Without effective education, patients are left to create their own meaning from their encounters with you. This reduces reactivations (“I already tried chiropractic”) decreases referrals (“If you have back pain like I did, she might be able to help you”) and virtually eliminates cash-paying once-a-monthers (“Why fix it if it’s not broken?”).
Talk Is Cheap. And Ineffective.
Effective patient education helps set appropriate expectations, encourage better patient follow through, inspire healthier choices, increase patient respect, stimulate better referrals and, ultimately, produce greater patient satisfaction.
So why are most patient education efforts ineffective, and why do they fail to deliver these benefits?
Because most so-called chiropractic patient education is…
- A series of claims, declarations or assertions
- Easily ignored or considered irrelevant
- Rarely about how chiropractic differs from medicine
- Passive, unilateral and not interactive
- Often perceived as a sales overture
- Confronting to patients and makes them wrong
- Too much work and largely thankless
No wonder so few chiropractors take their role as a belief changer seriously. No wonder so many chiropractors limit their patient “education” to the report of findings. No wonder chiropractors, even after decades in practice, continue to have a voracious appetite for new patients.
That’s because what is called patient education is merely patient teaching.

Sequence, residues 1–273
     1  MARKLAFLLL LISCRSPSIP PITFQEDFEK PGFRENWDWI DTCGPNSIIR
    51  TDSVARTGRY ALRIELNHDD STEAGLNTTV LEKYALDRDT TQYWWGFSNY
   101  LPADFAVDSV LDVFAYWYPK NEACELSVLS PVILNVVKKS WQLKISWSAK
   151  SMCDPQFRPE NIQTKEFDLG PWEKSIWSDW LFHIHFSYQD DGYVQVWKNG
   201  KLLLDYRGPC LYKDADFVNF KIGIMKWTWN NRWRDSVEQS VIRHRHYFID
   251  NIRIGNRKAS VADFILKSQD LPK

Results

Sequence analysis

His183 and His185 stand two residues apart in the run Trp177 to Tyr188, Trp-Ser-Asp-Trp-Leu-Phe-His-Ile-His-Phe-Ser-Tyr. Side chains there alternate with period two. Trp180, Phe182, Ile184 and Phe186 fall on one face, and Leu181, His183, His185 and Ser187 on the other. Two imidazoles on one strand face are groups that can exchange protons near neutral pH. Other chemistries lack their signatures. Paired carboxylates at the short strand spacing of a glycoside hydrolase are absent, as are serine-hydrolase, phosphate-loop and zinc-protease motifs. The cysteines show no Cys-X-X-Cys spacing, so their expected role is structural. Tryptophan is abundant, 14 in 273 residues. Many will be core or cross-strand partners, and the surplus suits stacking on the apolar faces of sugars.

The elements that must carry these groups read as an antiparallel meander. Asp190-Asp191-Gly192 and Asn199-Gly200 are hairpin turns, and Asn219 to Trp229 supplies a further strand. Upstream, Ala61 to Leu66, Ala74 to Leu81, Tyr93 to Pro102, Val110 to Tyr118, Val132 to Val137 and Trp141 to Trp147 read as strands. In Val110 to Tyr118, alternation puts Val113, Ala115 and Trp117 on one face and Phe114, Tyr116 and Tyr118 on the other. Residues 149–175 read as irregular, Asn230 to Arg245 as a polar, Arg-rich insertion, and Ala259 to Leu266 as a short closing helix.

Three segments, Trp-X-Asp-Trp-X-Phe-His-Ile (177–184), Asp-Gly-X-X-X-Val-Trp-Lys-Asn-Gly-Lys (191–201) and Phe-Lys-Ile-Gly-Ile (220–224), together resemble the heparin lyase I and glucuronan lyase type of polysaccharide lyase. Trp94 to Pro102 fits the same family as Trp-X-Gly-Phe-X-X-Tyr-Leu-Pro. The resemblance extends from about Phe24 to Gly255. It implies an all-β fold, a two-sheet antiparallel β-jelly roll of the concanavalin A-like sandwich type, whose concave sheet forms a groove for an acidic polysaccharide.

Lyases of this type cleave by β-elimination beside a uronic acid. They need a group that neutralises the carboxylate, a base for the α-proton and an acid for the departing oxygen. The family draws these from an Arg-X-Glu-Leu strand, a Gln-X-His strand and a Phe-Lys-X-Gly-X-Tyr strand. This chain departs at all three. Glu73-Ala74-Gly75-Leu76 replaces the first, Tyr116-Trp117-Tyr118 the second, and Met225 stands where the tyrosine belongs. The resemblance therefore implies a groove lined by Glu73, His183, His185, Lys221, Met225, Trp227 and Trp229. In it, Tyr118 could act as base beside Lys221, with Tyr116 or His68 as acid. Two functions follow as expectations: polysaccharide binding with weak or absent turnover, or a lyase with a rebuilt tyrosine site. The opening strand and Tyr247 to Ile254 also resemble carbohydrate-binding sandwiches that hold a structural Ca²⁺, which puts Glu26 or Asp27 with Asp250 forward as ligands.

Simply put, if you’re talking, you’re teaching. Teaching falls on deaf ears. Patients can easily feign interest. Whatever you say goes in one ear and out the other. Teaching has little hope of changing a patient’s beliefs about their spine, their nervous system, their body or their health.
In fact, this kind of teaching does far more to reinforce your beliefs than to change theirs!
Ask and You Shall Receive
You were probably “taught” organic chemistry or a new adjusting protocol. Using the teaching techniques you encountered in the classroom to inspire patients in your practice simply doesn’t work. And won’t.
Long ago, Socrates discovered that real power is found in asking questions. Chances are, you don’t ask patients enough questions. Oh, you do during your examination, but that’s merely to uncover or confirm your clinical impressions. Later, the questions you ask patients should be designed to better understand their beliefs and worldview.
In the same way that software controls hardware, beliefs produce behaviors. Asking questions is a way you show interest in the patient’s “operating system.”
What is the purpose of pain?
How does the medication find the headache?
What do you think is the greatest stress on your body?
What’s your theory about what causes cancer?
What’s the difference between a good drug and a bad drug?
Why isn’t everyone allergic to the same thing?
How do you “catch” a cold?
The purpose here isn’t to make patients wrong, but to cultivate a dialogue. You can’t change a patient’s beliefs—only they can do that. The key is to create the environment, the trust and the emotional safety that allows interested patients to become aware of their beliefs and then elect to abandon them after some (rare) critical thinking.
True patient education means showing up authentically curious and asking questions in an effort to understand how patients see their bodies, their health and the value they place on it. Don’t be surprised if patients show little interest in your model of health and healing if you’re unwilling to first show interest in theirs.